For all we know, the people who left me on Earth as a baby are all gone, and there’ll be nobody to answer the beacon when it does come to life.

“You could just stay here on Earth and have an amazing life.” She stares at her refrigerator door, with all the old photos and the terrible artwork I did in fifth grade. “You’re already helping people down here,” she says with the full force of her midwestern Presbyterian earnestness. “All of the things that you do with the Lasagna Hats, everything you make happen … Nothing could ever make me prouder of you than I already am.”

“Yeah.” I stare at the floor. I don’t know what to say. My mom knows I want this, more than anything, even though it’s going to destroy her.

My mom sighs and drinks from her wine-mug. “Just promise me one thing.”

“Sure. Whatever.”

For once, we are actually looking at each other. Her red hair has wiry streaks of gray, and her eyes have new lines around them.

“When the beacon lights up, you have to run.” Her eyes blaze, out of nowhere, with an intensity I’ve almost never seen before. “Run as if armies were chasing you. Because I’ve told you, the moment your beacon activates, monsters from beyond our world will try to kill you. They won’t stop. Keep running, until you’re sure you’re being rescued for real. Promise me.”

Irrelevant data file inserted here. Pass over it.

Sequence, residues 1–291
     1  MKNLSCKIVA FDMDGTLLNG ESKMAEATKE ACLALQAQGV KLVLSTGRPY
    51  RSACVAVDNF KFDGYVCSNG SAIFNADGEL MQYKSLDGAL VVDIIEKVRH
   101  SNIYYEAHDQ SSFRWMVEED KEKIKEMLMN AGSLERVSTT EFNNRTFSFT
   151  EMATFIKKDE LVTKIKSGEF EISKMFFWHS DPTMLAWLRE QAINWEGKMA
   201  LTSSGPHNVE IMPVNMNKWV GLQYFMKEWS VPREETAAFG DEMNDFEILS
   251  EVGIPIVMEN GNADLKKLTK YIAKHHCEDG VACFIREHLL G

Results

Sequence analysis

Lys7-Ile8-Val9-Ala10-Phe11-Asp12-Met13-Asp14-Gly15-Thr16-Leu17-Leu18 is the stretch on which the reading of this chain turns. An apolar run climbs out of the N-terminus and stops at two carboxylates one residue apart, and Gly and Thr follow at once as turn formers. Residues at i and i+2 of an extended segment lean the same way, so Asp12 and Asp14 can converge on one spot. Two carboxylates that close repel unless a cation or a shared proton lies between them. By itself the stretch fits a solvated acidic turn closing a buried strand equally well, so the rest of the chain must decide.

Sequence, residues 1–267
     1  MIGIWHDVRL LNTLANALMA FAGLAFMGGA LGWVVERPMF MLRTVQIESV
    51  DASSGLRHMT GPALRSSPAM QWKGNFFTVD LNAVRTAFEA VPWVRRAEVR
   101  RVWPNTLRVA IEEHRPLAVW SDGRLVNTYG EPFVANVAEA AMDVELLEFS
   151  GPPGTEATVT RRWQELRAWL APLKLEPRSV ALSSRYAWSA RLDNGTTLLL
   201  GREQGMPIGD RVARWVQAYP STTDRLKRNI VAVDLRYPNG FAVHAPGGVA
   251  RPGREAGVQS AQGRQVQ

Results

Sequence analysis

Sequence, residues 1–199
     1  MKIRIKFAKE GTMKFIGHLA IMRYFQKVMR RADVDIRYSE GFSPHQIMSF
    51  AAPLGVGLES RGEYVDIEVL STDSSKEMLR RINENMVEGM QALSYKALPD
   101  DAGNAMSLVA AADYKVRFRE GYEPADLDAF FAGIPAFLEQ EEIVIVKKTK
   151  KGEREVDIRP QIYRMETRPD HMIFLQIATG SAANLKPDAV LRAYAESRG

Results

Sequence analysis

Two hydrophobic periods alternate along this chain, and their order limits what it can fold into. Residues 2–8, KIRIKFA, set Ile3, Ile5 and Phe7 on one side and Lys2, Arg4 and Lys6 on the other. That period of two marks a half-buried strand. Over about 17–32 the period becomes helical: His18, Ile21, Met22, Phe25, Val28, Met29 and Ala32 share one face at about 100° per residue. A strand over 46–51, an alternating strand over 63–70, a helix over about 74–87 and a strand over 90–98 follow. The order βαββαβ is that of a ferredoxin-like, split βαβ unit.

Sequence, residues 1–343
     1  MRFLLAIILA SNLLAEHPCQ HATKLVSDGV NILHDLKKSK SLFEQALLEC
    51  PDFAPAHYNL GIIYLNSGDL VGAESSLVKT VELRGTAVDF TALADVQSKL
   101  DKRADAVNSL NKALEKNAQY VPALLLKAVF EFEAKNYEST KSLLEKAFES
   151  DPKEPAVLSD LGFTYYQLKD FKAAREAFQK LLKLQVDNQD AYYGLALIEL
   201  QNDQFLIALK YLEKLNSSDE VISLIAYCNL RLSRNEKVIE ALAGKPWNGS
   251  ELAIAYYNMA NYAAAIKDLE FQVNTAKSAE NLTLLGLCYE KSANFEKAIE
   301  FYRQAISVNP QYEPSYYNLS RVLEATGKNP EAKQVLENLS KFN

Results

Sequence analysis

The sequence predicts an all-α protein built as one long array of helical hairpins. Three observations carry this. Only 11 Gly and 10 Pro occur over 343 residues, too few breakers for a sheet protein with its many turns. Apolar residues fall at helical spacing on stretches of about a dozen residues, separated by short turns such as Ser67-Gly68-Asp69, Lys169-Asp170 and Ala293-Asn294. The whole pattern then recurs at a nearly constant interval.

I kind of shrug it off, but my mom grabs my wrist. So I say, “Yeah, yeah. Of course. I promise. Jeez.”

* * *

That night I wake up, and there’s someone next to my bed.

All I can see at first is a pair of coal-black eyes, glinting in the moonlight filtered through the branches of the yew tree outside my tiny window.

Then I make out his face. Pale, like a ghost. Grinning, like a serial killer.

Something lights up in his hands. I glimpse a shiny metal tube with four wings on all sides, and an opening, full of bottomless darkness, aimed right at me. Somehow I know this is a weapon.

He stands over me, huge as a mountain, blocking out everything else. Even if I had the strength to rise, I would still be a speck next to him.

“I take no pleasure from killing you.” The giant speaks in a low purr. “Satisfaction, certainly. And an adrenaline rush. And oh yes, a sense of vindication. Your death will probably give me closure. But still, I feel sad that it came to this.”

My skin is so cold, my hands are numb and my arms feel prickly. I can’t breathe.

“I want you to know that I feel nothing but pity for your miserable state.” The huge figure raises the gun to my head.

I scream until my throat hurts.

The gun hisses. I’m about to be burned down to nothing.

I’m so cold, I can’t stand this cold.

The word “miserable” rings in my ears as I scream and brace myself for death.

Copyright © 2021 by Charlie Jane Anders